What to see and where to go
Lawrence there are plenty of things to do. The centre of the universe for gold mining fever in the mid-nineteenth century is now a backwater town with a wealth of history to explore, beautiful rolling hills and a chance to relax, revive and find the slow lane.
WHAT TO DO, HIGHLIGHTS
- Tuapeka Lawrence Museum with its dredging equipment, stamping machinery, a plethora of contraptions from early bikes to sewing machines is rabbit warren in a former mining office. There are discoveries to be made in every hallway. The museum is definitely old fashioned yet intriguing and definitely, a must-go destination for heritage buffs
- Walks around town, finding plaques describing the heyday of Lawrence and the buildings left behind
- Weatherston’s Daffodil open days (September) with flowers carpeting 25 acres. A perfect picnic spot for day-trippers from Dunedin.
- Munro Gully walking trail explore beech forests and observe mining relics from water races to historic dams
- Chinese mining precinct with its heritage buildings, Joss House, and evocative setting
A local school teacher, John Joseph Woods composed the music for New Zealand’s national anthem in 1876. Woods won a competition to set “God Defend New Zealand”, a poem by Thomas Bracken, to music. He is buried in the town’s Victorian hilltop cemetery.
WHAT TO DO NEARBY
- Visit Tuapeka and cross the river on a punt. Check What’s so great about Tuapeka for details
- Explore inland Otago following gold mining trails. For inspiration read more … Inland Otago Road Trip
- Clutha Gold Cycle & Walking trail starts and finishes in Lawrence. The trail is considered a Great Ride and is a 73 km easy grade trail.
- Bellview Wetlands, a few minutes from the main street is a scenic walking track surrounded by native bush and birds. Check the travel pack section for information on the wetlands and their origin
- Gabriel Read, an Australian prospector, and adventurer found gold near the Tuapeka River (Clutha River tributary). Working with a pan, horsehair brush, and butcher’s knife he collected 7 ounces of gold in a day. The gold rush was on.
WHERE TO TAKE THE BEST SELFIE
- Gabriels Gully Historic Reserve Gabriels Gully Historic Reserve: Places to go in Otago
- Yourself gold panning at Weatherstone’s (approximately one hour walk from Gabriels Gully Reserve)
- Victorian cemetery with the elaborate headstones, Celtic crosses, and ironwork create an atmospheric backdrop
WHAT TO DO WITH THE KIDS
- Tuapeka Museum is an explorer delight for kids with corners and odd-looking nineteenth century household equipment
- Gabriels Gully interpretative plaques, kids can think about how miners moved mountains, the original gully floor was 50 m below today’s level.
WHO TURNED UP AND NAMED THE PLACE
- Wrapped in the rolling hills of Tuapeka Lawrence was defined by the gleam of gold (1861) in nearby Gabriel’s Gully. The gold rush brought 11,000 prospectors into the area. Within months the transient population of 11,000 briefly surpassed Dunedin. As with many towns in colonial New Zealand, the name Lawerence honors Sir Henry Lawrence, hero of the Indian, Lucknow military campaign of 1857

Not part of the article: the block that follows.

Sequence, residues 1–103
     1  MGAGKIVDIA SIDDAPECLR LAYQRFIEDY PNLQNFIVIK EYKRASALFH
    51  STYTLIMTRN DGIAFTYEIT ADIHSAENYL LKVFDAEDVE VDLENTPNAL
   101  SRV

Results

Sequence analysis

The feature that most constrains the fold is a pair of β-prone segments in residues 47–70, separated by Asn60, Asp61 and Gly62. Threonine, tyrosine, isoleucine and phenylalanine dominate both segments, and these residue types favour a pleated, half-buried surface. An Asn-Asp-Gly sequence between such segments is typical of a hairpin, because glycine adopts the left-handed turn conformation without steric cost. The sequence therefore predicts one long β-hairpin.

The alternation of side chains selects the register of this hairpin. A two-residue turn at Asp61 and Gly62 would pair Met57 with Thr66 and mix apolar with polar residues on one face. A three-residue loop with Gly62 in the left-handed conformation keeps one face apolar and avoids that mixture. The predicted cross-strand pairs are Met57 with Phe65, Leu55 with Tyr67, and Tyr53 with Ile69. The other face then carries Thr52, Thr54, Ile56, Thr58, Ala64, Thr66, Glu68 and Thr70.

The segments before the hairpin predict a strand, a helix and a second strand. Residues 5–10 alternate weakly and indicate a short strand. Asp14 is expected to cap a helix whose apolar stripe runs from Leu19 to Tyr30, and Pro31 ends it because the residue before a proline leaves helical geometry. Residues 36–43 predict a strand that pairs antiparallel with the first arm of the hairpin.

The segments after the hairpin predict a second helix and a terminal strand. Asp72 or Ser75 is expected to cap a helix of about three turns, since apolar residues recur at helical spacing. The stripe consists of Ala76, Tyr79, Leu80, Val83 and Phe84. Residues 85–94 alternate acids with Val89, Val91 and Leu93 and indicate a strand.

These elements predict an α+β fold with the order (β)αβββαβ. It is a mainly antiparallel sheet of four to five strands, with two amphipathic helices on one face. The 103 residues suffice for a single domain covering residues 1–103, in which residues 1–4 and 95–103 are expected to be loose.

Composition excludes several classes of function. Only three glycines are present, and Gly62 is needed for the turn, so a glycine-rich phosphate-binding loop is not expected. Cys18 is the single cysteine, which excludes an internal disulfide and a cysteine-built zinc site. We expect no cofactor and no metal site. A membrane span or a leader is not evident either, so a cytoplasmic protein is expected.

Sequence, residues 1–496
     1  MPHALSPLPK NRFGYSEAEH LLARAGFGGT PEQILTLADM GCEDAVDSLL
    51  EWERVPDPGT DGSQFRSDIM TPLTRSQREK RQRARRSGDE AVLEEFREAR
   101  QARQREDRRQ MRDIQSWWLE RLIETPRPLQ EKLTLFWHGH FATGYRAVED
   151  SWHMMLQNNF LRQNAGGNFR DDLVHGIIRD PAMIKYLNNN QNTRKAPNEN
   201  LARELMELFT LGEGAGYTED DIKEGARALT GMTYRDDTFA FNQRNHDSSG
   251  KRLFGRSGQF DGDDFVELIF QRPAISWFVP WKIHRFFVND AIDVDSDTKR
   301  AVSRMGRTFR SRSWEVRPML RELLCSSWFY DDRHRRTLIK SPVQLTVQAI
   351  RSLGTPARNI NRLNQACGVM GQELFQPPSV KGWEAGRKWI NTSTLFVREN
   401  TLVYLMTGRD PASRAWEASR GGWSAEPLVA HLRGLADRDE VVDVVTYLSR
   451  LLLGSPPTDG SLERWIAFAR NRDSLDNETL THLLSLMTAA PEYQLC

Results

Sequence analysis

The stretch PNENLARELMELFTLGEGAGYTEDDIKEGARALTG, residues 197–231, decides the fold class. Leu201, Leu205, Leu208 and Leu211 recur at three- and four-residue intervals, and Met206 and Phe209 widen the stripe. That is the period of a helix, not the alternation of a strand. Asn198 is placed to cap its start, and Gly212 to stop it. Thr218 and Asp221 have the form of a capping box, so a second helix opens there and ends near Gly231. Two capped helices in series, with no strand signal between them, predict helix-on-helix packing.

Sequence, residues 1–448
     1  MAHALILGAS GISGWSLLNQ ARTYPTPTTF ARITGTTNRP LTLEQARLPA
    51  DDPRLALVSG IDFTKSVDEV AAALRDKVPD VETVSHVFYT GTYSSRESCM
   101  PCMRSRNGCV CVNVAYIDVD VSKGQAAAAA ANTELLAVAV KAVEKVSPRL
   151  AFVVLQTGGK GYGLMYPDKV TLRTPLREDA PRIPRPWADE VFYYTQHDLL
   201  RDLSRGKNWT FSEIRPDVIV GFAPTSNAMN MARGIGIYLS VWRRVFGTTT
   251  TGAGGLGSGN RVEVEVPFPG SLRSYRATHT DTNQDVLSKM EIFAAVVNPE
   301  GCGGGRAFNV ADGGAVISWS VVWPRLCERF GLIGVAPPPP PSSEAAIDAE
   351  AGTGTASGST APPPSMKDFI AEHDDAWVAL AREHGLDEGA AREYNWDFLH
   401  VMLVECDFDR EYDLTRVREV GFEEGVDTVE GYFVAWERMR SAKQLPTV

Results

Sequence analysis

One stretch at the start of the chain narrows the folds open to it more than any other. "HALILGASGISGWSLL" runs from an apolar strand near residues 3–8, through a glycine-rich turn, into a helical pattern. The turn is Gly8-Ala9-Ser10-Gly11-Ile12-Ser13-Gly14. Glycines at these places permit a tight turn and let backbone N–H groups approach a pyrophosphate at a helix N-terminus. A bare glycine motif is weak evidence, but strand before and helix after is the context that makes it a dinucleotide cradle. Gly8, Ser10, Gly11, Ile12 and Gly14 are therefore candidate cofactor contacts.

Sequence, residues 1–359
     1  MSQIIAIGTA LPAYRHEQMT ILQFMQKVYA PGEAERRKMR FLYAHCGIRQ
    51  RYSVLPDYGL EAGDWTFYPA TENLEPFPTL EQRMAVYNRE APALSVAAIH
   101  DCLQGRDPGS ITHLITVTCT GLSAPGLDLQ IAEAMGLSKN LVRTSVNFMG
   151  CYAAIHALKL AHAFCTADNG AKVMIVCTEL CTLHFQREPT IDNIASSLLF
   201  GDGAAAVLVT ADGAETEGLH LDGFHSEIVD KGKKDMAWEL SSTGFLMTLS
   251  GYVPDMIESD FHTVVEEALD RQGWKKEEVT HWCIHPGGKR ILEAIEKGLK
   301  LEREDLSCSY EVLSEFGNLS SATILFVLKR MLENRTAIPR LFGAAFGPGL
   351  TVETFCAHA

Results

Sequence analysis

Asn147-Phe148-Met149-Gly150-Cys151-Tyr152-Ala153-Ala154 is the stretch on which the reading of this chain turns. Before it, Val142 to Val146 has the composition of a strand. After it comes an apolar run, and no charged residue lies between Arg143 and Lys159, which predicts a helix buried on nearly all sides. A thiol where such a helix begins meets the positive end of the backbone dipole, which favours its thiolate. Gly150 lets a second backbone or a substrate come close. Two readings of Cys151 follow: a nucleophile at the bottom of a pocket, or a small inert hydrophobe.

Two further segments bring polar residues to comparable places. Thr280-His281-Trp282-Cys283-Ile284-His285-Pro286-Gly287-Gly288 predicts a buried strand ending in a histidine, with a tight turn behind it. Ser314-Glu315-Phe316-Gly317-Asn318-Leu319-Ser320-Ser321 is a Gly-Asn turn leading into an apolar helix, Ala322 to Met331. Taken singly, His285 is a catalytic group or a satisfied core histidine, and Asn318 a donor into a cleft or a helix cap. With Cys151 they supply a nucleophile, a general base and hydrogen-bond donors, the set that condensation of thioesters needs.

- A lesser-known gold mining town worth a detour. Spend a few hours or several days soaking up the atmosphere
Every town adds to the richness of things to do and see. For more details about the region check Dunedin & Otago Region nearby attractions and events.
TRAVEL PACK INFORMATION
- Bellview Wetlands project brochure
- Department of Conservation information …. Gabriels Gully
From the car park follow the track up the hill to traverse a fault scarp (an exposed fault line unearthed by mining in the gully) and follow several water races uphill. You will pass the site of a raceman’s cottage, Pollands Dam, and a rusty sluice pipe.
Water was piped in from as far afield as Waipori and stored in the many dams in the area to rush through the water races and sluice pipes operated by the racemen to blast the rock faces for gold.
The track then descends the face providing views across the gully, to the elevator pond, and beyond to the tent sites of hundreds of miners during the rush and later of the mine office.
You will then enter the regenerated manuka forest and wander amongst remnant stacks of conglomerate (gold-bearing) rock before crossing an open paddock to an intersection.
From here you can turn right to visit the remains of the North of Ireland stamper battery or turn left to visit another dam and walk through the forest to the Great Extended Mine shaft.
After seeing the mine shaft wander back to the carpark through a gully and past the mines rusty safe which still remains on site. The gully has visible remains of claim intersection stacks, the piles of conglomerate each miner left to ensure they did not upset their neighbour.
Greys Dam picnic area
Drive or ride past the turn off to Gabriels Gully carpark to reach Greys Dam. The still water of the dam reflects the vibrant colour of the surrounding vegetation, providing a great backdrop for picnics on one of the picnic tables or games of backyard cricket in the picnic area.
This calm seemingly gentle dam once provided hydraulic pressure to shift entire hillsides.
Otago Dam Track begins at Grays Dam but is closed as the historic dam has storm damage